The Amundsen Sea region (ASR) is currently managed under a research plan, which has shown promising results to date, with 8 interseason tags recaptured in the South area in 2016 and 12 (preliminary recaptures) in 2017. The aim of this paper is to ascertain when the Amundsen Sea region stock assessment model is likely to provide management advice, and to investigate the effects of using either two independent single-area models or a two-area model.
We used simulations to investigate the expected precision in estimates of biomass, the likely biases, and to set expectations for mark-recapture data for the next few years to predict progress towards a robust assessment model using the two-area model. The models showed that using two independent models lead to higher estimates of biomass in the North and lower estimates of biomass in the South, but that the two independent models fitted the data poorly. Simulations suggest that the current research plan with the current levels of catch and tagging rate is likely to deliver the information that would generate a robust estimate of biomass in the ASR in the future. We also found that it is likely that we would observe very few tags moving between the areas and that increasing the tagging rate in the South would result in an increase in bias but no improvement in the precision of the estimation of stock biomass.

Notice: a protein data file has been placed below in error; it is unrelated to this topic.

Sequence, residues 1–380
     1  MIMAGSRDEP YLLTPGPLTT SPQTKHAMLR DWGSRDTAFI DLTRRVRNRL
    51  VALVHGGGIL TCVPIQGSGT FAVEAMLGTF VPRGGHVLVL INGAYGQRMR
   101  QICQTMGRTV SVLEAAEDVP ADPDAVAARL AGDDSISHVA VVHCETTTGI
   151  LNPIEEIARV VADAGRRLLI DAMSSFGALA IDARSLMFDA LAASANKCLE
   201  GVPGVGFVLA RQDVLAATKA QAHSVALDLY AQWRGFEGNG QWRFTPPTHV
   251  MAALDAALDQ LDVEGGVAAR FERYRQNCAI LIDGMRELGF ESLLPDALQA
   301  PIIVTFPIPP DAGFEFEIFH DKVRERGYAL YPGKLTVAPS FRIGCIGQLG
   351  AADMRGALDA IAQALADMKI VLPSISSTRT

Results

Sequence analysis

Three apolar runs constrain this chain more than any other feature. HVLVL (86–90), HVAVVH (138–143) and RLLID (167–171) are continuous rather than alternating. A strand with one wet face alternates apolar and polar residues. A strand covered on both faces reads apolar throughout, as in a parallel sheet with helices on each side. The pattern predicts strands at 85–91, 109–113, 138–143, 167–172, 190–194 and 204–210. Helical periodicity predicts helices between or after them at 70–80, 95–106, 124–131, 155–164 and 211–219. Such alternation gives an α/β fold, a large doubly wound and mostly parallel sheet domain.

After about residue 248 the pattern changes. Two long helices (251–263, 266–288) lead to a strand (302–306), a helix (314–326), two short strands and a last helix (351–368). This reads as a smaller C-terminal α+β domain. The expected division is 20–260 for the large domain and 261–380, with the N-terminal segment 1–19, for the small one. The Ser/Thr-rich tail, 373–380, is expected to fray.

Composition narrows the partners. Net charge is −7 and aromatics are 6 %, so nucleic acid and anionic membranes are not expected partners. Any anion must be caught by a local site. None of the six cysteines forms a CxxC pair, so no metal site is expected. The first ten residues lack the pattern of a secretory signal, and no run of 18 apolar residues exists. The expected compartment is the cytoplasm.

We therefore recommend (i) future work using independent methods to understand toothfish movement within the ASR (such as PSAT tags or otolith microchemistry), and (ii) the current research plan be continued for the next season, and (iii) a two-area model continue to be developed to assess the ASR for 2018, as recommended by Scientific Committee in 2016.